February 8 2017

12:00 158 HH

Beth Pringle
School of Natural Sciences
University of Nevada, Reno

From micro to macro, the trophic regulation of a multispecies protective mutualism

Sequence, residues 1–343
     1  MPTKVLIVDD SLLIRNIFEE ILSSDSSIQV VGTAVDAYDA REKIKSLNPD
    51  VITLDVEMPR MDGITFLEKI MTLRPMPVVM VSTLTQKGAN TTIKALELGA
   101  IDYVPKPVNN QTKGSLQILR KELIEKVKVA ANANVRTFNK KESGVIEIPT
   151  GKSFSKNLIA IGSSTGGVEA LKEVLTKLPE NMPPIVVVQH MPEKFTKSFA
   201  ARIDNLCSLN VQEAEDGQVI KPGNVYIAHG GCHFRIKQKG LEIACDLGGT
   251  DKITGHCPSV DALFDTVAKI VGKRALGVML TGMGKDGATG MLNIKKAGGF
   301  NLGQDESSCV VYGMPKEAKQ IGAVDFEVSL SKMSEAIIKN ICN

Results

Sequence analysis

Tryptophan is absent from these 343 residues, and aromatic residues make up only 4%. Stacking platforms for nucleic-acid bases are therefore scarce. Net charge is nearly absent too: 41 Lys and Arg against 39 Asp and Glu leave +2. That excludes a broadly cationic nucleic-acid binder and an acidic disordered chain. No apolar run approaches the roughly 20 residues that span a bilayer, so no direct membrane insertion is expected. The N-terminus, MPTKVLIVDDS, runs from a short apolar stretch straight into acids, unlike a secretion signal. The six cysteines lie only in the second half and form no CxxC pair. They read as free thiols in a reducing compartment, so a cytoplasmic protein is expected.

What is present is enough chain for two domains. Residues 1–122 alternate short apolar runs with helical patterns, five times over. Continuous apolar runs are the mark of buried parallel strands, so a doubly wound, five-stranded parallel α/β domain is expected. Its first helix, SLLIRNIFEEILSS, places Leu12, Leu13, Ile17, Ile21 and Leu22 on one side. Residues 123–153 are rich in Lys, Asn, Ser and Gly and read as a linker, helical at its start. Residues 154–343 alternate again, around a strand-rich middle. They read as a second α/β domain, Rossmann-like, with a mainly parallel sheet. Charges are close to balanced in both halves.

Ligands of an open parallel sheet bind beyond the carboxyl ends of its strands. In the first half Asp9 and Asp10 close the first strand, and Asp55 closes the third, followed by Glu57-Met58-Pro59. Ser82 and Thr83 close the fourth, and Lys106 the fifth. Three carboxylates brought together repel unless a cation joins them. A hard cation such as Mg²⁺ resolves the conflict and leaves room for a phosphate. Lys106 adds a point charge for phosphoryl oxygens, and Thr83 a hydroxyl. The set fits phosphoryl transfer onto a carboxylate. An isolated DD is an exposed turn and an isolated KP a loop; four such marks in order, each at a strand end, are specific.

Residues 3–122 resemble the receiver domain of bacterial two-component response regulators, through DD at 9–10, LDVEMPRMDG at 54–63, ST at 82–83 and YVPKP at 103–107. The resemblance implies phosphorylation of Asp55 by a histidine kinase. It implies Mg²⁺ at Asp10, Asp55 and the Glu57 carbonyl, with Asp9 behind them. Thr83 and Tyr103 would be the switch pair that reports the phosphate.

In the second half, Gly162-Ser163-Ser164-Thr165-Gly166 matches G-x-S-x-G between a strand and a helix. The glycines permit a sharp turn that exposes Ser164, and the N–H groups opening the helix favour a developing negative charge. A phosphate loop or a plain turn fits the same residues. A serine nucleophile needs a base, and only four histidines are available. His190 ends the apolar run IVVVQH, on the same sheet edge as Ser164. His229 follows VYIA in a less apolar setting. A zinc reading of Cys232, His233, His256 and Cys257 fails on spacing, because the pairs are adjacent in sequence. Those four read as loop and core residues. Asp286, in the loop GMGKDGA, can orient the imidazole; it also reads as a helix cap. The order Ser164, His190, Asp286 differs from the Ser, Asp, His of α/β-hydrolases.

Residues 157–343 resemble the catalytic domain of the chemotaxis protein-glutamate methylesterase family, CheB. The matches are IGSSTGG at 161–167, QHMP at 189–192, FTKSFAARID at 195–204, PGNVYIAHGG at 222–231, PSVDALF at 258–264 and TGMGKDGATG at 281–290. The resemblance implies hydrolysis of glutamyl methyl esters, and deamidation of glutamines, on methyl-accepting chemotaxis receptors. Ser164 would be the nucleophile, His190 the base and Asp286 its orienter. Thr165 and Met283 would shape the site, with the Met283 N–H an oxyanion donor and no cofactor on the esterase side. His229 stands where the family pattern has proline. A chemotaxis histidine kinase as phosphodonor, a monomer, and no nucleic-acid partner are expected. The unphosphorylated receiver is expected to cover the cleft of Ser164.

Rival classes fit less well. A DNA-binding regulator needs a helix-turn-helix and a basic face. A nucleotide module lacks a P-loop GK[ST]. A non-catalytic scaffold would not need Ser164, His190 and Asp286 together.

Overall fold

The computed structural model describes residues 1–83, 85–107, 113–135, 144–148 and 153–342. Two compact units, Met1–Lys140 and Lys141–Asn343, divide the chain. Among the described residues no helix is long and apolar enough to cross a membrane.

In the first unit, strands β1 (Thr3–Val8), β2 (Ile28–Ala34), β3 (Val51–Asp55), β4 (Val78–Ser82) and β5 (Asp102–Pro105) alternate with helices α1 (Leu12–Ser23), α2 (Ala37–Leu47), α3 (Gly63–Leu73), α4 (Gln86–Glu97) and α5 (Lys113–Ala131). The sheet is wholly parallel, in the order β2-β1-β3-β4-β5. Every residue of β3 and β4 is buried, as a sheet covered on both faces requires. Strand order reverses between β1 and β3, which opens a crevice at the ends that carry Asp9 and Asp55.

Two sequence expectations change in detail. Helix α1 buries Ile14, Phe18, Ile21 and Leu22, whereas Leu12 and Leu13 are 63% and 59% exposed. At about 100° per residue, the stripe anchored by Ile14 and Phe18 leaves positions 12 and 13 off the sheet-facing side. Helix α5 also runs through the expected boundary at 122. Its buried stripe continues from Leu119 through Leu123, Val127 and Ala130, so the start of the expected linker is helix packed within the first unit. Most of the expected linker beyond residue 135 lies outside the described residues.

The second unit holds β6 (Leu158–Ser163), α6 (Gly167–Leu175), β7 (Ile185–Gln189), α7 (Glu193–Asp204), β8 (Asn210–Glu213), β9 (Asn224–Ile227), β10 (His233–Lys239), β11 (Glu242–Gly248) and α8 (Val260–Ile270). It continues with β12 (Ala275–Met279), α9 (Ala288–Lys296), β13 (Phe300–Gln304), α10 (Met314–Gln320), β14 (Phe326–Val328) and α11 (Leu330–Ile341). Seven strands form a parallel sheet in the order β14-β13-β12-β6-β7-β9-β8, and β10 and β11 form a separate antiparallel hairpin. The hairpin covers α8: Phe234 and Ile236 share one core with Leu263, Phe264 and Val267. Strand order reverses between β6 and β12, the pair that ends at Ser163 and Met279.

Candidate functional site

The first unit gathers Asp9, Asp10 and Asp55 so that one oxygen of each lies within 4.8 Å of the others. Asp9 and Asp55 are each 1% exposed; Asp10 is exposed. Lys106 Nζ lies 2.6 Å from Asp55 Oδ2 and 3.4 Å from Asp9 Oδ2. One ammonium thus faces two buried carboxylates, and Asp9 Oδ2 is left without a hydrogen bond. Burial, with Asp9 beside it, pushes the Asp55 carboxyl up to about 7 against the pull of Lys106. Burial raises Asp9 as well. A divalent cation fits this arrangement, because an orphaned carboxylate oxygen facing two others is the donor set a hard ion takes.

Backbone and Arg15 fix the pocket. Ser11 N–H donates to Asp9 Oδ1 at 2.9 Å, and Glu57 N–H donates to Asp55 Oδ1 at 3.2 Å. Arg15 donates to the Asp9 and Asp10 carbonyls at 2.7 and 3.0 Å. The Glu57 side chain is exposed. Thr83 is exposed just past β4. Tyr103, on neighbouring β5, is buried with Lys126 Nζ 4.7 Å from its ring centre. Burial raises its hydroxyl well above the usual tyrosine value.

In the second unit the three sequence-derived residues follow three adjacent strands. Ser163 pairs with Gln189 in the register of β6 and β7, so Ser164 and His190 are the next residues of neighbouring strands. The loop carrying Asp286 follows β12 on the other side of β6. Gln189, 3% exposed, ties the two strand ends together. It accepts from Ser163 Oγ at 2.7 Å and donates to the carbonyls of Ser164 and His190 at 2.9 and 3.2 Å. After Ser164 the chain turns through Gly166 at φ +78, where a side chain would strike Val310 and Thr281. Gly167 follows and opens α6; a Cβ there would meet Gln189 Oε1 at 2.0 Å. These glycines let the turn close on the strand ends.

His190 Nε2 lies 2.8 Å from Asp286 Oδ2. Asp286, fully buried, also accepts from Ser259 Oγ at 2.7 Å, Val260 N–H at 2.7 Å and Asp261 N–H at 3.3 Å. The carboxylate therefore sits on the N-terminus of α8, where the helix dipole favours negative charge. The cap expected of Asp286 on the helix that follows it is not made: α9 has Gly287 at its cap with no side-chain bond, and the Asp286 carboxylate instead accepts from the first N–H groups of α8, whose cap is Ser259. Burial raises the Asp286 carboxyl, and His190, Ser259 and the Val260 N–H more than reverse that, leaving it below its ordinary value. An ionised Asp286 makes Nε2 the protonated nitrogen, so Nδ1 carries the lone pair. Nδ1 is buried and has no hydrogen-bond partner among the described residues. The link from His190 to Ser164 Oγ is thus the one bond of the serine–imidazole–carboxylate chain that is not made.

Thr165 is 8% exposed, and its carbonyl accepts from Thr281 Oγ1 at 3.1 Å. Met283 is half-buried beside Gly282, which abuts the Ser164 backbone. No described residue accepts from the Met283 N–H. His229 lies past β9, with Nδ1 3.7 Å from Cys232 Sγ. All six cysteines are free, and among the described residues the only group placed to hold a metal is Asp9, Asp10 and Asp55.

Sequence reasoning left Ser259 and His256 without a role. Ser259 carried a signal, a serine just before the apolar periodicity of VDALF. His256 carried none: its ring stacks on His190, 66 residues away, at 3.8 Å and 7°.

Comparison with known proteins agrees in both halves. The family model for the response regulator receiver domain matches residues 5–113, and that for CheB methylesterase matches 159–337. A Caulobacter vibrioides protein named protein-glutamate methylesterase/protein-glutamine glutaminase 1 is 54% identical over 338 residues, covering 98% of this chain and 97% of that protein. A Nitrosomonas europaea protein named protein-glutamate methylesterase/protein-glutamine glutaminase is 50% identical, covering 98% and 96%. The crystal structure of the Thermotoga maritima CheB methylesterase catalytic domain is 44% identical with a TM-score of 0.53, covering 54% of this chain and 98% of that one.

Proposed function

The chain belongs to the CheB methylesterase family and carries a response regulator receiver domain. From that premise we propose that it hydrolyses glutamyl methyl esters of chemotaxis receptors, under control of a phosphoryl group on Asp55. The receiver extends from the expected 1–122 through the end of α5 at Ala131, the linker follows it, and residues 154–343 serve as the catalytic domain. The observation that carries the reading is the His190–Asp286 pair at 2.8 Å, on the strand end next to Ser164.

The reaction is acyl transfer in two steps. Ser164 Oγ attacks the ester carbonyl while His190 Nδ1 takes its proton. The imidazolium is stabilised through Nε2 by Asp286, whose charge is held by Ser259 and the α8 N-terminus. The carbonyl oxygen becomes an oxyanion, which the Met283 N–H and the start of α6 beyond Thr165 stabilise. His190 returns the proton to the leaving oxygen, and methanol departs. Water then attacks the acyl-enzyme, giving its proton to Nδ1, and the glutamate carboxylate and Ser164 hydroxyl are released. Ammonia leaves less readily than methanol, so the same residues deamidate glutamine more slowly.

Mutualism is pervasive in ecological systems, and most mutualisms are consumer-resource interactions. The nature of these consumer-resource interactions determines why and where mutualisms form and persist, as well as how they shape whole ecosystems. In this talk, I will discuss my work on ant-plant-hemipteran protection mutualisms in tropical and temperate systems. My work in the dry forests of Central America suggested that trees pay symbiotic ants more to defend their leaves when the climate is drier. But when trees pay ants indirectly, via the hemipteran honeydew that the ants consume, how does this strategy work\? I will discuss evidence from this system that numerous microbes are shared among symbiotic macroorganisms. Moving to a temperate legume-aphid system, I will show that microbes can affect the chemical composition of hemipteran honeydew. In a temperate ant-plant-aphid mutualism, I will show that the chemical composition of honeydew also depends on the plant\'s genotype and can drive changes in ant defensive behavior. Finally, looping back to macro-patterns in the Brazilian Amazon, I will show that the physiological trade-offs imposed on trees by climate could affect community-scale patterns of plant defense and protective mutualisms. This work is assembling evidence that climatic stress and indirect mutualisms can together select for changes in phytochemistry, with implications for feedbacks to nutrient cycles and climate itself.















































































































































































































































































































































































































































































































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